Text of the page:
This week, key witnesses at the fraud trial of Elizabeth Holmes, the founder of blood-testing startup Theranos, were former lab directors who testified about some of the failed company’s inner workings. But another issue increasingly loomed during the proceedings: how long will the trial against Ms. Holmes last?
Here are the top takeaways from this week’s events.
Plagued by delays
First there was a Covid scare. Then a juror had to travel for a funeral. Then a broken water pipe canceled the testimony. And on Tuesday, the court’s technology system went down, delaying proceedings by several hours and forcing lawyers to show exhibits on a projector.
Judge Edward Davila of the U.S. District Court for the Northern District of California, which oversees the case, apologized and said he felt “very embarrassed” by the technical difficulties. The witness stand was equipped with a lamp.
The delays, cancellations and other unexpected interruptions have contributed to a growing sense of time pressure for a trial that was originally set to begin in mid-2020, but was subsequently postponed many times due to procedural issues, the pandemic and, finally, Ms Holmes’ pregnancy.
By the time the jury selection began in August, six years had passed since The Wall Street Journal revealed that Theranos’s claims about its technology were not what they appeared to be. Many witnesses have said during testimonies that their memory of events – some from more than a decade ago – was not crystal clear.
Understand the Elizabeth Holmes Process
Elizabeth Holmes, the founder of the blood test startup Theranos, is currently on trial on two counts of conspiracy to commit wire fraud and 10 counts of wire fraud.
It took the prosecution 10 weeks to hear 23 witnesses from a list of nearly 200 it could call. By contrast, the Kyle Rittenhouse murder trial has heard of last year’s Kenosha, Wisconsin shooting 26 witnesses in six days.
Many of the names in bold on the prosecution’s list, such as Henry Kissinger, Rupert Murdoch or David Boies, have not yet been named. On Judge Davila’s public calendar, the trial will end on December 10.
On Wednesday, the Public Prosecution Service gave some clarity about the timing. Prosecutors said they would likely drop their case against Ms. Holmes next week. Then comes her defense.
A lab director who never visited the lab
Lynette Sawyer, a public health physician who served as co-director of the Theranos lab in 2014 and 2015, testified to the nocturnal nature of the lab.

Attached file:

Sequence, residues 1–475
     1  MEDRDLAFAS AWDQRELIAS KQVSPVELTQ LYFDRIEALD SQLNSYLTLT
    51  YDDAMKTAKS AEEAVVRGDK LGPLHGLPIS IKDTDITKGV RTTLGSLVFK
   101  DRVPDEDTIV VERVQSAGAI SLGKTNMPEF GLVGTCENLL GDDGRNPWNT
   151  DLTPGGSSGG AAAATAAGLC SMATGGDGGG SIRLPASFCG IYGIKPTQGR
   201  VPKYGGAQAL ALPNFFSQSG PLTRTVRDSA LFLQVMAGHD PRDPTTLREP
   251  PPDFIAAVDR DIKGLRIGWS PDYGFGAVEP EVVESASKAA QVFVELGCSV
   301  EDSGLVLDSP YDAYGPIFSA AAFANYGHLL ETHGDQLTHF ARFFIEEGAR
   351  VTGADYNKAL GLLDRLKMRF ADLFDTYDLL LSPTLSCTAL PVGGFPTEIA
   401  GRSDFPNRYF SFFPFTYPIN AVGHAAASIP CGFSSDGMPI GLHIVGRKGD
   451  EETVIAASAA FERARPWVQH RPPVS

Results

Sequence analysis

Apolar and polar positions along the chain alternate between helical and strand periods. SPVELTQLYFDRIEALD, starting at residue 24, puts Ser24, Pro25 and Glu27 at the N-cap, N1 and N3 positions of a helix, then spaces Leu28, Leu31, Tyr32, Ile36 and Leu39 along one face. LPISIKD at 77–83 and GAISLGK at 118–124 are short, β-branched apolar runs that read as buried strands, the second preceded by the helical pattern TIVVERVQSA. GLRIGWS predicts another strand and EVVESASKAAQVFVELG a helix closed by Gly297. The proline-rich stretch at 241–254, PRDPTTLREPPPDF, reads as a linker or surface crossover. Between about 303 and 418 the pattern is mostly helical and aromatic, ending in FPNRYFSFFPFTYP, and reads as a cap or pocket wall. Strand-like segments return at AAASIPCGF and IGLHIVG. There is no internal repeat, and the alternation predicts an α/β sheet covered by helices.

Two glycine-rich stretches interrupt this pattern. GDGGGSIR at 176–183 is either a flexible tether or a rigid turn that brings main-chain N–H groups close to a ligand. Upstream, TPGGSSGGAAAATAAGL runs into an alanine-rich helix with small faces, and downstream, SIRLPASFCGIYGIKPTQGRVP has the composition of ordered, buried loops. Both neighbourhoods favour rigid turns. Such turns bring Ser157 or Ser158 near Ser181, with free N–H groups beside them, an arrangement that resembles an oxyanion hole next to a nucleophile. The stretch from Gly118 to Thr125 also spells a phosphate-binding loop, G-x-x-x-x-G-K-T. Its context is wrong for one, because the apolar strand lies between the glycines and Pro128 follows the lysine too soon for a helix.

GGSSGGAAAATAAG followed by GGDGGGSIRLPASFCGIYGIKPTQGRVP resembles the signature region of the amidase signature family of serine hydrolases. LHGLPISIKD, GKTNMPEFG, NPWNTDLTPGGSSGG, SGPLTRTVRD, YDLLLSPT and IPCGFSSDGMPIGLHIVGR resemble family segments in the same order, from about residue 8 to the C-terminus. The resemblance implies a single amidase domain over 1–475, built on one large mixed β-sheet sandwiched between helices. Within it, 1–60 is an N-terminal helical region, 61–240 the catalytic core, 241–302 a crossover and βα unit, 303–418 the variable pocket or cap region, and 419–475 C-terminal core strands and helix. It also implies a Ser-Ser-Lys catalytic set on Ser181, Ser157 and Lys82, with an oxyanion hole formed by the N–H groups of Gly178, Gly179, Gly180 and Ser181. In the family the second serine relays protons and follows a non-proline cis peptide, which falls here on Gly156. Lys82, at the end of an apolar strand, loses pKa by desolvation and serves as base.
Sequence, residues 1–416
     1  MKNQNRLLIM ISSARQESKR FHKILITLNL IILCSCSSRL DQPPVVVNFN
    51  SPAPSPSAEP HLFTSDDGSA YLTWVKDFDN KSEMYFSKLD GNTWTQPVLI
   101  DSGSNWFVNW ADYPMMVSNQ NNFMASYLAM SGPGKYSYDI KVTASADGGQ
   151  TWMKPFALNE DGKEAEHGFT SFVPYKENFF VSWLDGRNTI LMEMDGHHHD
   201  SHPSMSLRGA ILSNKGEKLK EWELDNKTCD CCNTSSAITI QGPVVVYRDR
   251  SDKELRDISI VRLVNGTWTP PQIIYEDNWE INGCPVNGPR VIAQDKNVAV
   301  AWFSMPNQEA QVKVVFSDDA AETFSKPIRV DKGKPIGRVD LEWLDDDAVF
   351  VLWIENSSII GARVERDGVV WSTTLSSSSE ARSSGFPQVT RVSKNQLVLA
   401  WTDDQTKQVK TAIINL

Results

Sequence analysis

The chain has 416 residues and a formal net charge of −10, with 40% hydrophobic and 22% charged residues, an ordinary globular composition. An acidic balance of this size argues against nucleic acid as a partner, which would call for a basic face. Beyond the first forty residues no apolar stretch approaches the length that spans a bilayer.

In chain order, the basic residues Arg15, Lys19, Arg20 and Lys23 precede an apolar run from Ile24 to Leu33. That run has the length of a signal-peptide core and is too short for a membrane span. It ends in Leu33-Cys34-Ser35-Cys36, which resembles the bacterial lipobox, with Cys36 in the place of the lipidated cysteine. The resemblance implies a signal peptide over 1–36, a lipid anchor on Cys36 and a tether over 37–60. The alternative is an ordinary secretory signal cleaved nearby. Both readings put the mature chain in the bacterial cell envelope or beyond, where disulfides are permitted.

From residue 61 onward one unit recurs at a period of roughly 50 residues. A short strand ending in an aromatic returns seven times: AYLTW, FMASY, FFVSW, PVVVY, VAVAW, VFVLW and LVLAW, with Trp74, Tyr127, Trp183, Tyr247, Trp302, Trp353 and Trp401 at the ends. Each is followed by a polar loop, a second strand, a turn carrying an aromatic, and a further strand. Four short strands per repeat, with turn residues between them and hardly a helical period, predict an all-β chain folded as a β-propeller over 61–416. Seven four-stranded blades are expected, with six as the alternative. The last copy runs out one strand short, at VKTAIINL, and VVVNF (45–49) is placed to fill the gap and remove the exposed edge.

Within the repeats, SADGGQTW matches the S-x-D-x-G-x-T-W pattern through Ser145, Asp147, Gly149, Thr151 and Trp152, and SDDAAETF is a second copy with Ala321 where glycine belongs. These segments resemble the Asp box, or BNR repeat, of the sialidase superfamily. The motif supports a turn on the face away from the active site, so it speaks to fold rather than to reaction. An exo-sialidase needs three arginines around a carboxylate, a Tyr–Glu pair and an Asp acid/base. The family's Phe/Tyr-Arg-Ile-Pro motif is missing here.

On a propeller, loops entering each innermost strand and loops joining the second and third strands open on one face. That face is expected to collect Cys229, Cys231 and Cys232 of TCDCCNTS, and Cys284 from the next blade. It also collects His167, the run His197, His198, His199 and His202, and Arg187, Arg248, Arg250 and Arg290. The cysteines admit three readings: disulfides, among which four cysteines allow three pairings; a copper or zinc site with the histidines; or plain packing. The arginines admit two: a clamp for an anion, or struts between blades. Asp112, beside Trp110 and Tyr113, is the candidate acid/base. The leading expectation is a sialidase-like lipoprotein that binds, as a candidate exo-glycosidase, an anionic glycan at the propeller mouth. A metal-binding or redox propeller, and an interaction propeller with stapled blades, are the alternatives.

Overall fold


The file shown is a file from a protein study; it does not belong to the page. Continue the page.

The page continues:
dr. Sawyer said she’d never set foot in it, for example. She said she wasn’t aware it was developing its own tests and had never heard of Edison and miniLab, Theranos’ testing machines, or the nanotainer, its blood draw cartridges. She didn’t get any reports of lab activity, she said, nor did she meet Ms. Holmes.
Her job, testified Dr. Sawyer, was to sign documents she couldn’t edit. She left, she said, because she felt “very uncomfortable about the lack of clarity about the lab.”
dr. Sawyer worked with Dr. Sunil Dhawan, who previously testified that he spent a total of five to ten hours working for Theranos. dr. Dhawan was a dermatologist with no experience in laboratory science.
dr. Kingshuk Das, who became Theranos’ lab director in 2016, gave a look at the fallout from critical media reports about the company — and how Ms. Holmes responded.
Shortly after The Journal’s fall 2015 exposé of Theranos, the Centers for Medicare and Medicaid Services, the regulatory agency that oversees lab testing, conducted an inspection of the startup’s lab. The agency then sent the company a message titled “Condition Level Deficiencies – Immediate danger.” In its report, the agency explained how Theranos’ lab was not compliant with regulations and said it was possible that every patient test the company performed on one of its machines was inaccurate.
When Dr. When she pointed the problems out to Ms. Holmes, he said, she suggested an alternative explanation from Daniel Edlin, one of Theranos’ associates: The Theranos machines hadn’t failed; there was just a problem with the quality control processes.
dr. Das disagreed, concluding that Theranos would have to invalidate as many as 60,000 tests, sending patients a report that simply said, “Invalid.”
In a cross-examination, Lance Wade, a lawyer for Ms. Holmes, pointed out that she agreed to invalidate the tests, despite “a fair amount of media scrutiny” and “potentially dire consequences for the company”. dr. Das, who answered most of Mr Wade’s questions in one word, said he did not know Mrs Holmes’ intentions. Unlike previous lab directors, Dr. That’s straight to Mrs. Holmes.
Ultimately, Dr. Das that Theranos’ testing machines, which promised to perform extensive blood tests with a drop of blood, were faulty from the start.
“I found these instruments unsuitable for clinical use,” he said.